Jump In

Earlier this year we had two friends from England visit us in Arkansas. Why they chose to spend a portion of their American vacation in Arkansas is beyond me, but I'm grateful they did.

While they were here, Rob, would excuse himself from the table every now and then to go outside and watch something on his phone. When I asked him what he was watching, he said, "Football... excuse me, 'Soccer'," he forced the last word with a proper American accent. He talked us through the Euro leagues, how they're set up, some of his favorite players, and why the sport means so much to people across the pond.


While it's growing in popularity here, it's safe to say that American Football receives a lot more of the American people's viewing time than traditional Football (soccer).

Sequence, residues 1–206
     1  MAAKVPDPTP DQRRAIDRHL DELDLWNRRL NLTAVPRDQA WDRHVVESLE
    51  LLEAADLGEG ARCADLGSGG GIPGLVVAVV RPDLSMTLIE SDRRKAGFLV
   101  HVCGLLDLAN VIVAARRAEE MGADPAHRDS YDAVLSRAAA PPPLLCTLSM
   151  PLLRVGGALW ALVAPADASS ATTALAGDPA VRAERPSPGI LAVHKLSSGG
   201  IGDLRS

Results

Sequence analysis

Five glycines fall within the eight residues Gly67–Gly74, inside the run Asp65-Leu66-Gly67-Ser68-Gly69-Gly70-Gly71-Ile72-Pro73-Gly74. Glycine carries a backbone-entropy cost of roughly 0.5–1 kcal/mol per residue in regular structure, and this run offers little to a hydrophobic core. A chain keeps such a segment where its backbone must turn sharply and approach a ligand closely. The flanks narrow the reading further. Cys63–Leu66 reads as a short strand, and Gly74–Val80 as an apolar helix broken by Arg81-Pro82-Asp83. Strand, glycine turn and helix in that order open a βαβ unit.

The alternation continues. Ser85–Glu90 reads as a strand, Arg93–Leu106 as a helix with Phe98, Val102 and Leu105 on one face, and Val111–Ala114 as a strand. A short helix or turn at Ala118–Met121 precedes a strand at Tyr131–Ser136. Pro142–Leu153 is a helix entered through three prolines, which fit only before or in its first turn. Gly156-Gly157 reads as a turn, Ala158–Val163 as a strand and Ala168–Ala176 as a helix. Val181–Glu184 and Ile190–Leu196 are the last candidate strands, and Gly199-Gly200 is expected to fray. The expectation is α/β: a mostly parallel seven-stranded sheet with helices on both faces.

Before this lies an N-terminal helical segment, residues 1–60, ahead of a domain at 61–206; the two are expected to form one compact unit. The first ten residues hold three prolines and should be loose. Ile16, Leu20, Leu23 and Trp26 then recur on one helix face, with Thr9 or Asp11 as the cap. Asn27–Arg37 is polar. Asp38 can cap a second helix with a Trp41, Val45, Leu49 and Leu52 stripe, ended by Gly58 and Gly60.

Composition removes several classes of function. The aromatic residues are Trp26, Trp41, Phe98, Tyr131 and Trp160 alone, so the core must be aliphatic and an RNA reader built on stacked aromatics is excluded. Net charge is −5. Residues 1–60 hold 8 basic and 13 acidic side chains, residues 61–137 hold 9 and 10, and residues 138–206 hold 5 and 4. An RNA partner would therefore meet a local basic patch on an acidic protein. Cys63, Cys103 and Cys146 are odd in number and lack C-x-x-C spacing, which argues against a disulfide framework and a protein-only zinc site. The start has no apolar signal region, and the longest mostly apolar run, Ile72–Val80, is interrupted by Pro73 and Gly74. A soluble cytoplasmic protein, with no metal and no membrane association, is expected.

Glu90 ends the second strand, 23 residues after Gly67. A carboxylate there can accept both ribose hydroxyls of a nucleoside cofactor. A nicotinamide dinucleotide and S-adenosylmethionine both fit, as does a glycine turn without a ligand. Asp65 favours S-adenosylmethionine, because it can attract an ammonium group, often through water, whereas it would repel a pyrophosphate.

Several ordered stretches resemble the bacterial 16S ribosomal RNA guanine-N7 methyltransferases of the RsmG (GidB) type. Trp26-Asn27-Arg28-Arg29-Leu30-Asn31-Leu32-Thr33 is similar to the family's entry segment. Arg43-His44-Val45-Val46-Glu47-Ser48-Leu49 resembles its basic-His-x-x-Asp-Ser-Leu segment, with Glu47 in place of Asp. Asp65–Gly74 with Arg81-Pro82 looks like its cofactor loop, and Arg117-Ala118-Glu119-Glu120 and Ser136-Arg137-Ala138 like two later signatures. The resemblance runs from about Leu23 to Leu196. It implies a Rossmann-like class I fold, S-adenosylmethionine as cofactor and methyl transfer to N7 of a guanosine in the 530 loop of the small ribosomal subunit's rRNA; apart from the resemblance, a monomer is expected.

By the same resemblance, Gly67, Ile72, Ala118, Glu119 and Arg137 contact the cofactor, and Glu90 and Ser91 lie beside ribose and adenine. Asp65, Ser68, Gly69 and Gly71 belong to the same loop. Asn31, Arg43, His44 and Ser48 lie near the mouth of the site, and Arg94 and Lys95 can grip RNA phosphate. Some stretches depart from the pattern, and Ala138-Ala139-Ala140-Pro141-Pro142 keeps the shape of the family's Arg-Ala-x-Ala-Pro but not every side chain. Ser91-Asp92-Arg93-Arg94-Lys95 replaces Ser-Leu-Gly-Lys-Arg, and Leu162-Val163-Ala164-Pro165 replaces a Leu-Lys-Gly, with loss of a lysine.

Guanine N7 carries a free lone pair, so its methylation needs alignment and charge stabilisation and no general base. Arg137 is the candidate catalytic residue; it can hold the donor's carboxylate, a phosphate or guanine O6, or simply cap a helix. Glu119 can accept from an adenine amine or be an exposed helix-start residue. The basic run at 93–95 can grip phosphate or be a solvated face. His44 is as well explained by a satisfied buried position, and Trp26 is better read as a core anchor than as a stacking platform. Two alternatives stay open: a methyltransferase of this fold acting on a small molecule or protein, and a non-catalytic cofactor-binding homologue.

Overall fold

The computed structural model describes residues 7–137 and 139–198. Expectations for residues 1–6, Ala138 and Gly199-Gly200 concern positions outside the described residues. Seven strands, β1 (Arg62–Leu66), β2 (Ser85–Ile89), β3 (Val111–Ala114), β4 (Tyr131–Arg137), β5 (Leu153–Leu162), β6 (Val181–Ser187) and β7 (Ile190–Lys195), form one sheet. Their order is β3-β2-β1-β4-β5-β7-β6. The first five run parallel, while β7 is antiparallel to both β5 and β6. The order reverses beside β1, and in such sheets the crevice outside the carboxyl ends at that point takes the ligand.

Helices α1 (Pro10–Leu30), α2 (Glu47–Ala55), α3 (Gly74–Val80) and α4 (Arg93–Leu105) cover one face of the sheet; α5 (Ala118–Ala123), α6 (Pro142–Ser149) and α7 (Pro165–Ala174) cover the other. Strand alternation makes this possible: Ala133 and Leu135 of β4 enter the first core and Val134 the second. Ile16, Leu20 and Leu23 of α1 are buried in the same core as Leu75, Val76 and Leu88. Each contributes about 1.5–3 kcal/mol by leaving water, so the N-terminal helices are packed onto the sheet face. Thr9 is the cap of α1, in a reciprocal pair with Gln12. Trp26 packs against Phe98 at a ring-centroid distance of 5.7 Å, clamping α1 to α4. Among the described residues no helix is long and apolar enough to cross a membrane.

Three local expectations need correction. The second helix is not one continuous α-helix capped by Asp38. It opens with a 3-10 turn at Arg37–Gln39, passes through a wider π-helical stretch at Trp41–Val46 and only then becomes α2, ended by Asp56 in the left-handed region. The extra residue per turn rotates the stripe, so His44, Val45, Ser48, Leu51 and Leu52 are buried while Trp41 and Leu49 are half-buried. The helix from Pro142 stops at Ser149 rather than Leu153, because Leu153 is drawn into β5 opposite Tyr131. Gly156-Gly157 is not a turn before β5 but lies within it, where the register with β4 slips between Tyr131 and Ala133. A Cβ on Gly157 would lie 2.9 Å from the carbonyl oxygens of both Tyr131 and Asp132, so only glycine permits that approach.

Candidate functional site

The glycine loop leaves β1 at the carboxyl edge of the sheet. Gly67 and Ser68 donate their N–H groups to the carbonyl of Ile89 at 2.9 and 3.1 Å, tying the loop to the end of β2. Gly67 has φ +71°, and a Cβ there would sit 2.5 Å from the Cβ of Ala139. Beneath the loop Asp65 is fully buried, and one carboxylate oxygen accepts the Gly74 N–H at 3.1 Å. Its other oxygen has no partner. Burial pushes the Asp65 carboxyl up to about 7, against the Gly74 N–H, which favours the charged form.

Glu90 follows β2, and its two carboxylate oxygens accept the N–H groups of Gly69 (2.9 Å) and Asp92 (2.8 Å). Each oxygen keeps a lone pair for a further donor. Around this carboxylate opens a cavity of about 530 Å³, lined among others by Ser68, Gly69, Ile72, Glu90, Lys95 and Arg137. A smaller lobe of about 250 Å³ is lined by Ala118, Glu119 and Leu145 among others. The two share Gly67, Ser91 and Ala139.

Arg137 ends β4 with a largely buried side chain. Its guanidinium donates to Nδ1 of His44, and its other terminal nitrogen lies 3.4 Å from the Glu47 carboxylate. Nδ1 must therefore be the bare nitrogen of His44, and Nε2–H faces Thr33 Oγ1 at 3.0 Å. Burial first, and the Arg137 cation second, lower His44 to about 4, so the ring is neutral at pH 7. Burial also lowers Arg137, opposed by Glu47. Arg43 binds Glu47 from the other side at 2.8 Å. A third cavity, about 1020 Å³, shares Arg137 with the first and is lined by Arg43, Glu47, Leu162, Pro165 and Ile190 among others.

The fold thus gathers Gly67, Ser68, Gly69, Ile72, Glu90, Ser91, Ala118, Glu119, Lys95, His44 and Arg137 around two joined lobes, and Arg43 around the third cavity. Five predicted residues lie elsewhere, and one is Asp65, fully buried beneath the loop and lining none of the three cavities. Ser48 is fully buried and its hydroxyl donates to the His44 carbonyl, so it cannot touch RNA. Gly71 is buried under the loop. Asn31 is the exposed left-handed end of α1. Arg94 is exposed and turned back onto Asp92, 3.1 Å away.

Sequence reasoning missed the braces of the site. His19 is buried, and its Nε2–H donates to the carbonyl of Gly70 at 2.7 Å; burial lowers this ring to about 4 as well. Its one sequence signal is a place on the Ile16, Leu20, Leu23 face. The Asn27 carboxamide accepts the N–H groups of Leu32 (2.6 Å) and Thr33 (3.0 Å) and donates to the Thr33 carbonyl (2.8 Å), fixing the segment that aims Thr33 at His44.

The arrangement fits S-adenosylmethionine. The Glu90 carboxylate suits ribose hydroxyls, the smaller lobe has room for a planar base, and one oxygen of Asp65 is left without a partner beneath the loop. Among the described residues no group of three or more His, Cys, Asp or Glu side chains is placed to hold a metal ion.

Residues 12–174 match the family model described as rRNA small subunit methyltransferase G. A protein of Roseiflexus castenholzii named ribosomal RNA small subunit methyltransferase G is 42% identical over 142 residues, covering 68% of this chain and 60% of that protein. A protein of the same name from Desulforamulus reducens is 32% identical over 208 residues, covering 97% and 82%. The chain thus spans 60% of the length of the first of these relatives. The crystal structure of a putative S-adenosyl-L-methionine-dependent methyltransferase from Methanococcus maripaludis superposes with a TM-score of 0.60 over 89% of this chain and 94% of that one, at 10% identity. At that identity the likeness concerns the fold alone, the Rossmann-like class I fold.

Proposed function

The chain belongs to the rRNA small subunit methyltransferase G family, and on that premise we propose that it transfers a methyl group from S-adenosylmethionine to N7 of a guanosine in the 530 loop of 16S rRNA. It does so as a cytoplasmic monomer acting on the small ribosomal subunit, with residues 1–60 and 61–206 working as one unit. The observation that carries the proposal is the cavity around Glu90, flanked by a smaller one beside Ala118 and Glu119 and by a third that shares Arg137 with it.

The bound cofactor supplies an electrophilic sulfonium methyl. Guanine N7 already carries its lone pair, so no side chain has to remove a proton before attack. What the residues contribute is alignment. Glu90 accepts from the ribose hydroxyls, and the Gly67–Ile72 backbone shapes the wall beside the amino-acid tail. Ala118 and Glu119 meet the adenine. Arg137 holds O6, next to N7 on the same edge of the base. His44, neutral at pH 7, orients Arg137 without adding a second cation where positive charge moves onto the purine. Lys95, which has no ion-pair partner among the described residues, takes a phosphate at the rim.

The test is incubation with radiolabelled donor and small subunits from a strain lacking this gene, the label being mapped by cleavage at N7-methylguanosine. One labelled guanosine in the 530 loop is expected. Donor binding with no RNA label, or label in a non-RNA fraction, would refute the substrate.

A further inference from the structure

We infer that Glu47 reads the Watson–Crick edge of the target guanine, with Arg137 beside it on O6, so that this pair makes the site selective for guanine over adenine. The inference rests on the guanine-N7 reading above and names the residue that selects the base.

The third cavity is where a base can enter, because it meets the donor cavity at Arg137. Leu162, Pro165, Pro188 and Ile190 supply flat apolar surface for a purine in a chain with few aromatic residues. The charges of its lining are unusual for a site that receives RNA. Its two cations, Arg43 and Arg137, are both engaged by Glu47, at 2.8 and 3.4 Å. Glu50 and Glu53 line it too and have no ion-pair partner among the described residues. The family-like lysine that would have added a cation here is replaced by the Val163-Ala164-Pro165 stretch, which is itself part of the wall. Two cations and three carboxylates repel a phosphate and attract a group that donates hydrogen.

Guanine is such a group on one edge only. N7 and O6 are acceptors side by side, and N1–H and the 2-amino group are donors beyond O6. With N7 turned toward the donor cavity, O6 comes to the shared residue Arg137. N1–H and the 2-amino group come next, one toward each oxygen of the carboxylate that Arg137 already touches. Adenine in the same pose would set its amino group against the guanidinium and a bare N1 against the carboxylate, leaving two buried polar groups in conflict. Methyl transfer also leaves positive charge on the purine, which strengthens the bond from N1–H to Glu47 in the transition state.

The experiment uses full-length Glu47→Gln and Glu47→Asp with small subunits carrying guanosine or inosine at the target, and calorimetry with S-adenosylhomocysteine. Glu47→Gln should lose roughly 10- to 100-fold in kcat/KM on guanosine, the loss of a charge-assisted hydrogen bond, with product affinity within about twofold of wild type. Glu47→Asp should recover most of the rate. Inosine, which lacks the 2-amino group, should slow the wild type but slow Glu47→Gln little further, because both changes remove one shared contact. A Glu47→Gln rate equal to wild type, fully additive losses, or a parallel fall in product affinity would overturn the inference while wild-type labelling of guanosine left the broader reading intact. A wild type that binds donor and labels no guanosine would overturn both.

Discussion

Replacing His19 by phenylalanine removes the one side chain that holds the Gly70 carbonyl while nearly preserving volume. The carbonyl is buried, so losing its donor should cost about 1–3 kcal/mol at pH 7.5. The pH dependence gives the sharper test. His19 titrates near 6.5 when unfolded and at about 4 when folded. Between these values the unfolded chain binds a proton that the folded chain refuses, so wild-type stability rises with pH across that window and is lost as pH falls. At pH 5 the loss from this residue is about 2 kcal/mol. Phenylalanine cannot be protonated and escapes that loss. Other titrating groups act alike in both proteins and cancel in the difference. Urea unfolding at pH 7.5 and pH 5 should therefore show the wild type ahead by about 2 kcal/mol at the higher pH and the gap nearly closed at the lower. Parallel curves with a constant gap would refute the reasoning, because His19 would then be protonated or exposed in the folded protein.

Just this weekend, I told my wife I was amped for the World Cup to start. She said, "You've never watched soccer, why start now?" She was right. Beyond knowing goals had to be scored, I didn't have a great grasp on strategy of the game, who the players were, or why they allowed ties. Phrases like "Putting in a shift" and "Fox in The Box" were beyond my understanding and if you asked me to explain offsides, I'd have no answer.


For some reason, I just felt like jumping in. I watched the USA's first match against Wales today and loved every second of it. I was invested, yelling at my TV and asking myself why they can't just score?


I found that jumping into something, despite not having any history with it, or any true reason to, is often much more exciting than sitting on the sidelines.


As people we want to fit in, be part of the crowd. Our natural first response when someone is passionate about something unique may be to feign interest, make fun of it, or ignore it altogether. What if instead, we jumped in? If the opinions of others are keeping you from having experiences, that is something you should truly weigh.


The reality is, people will alw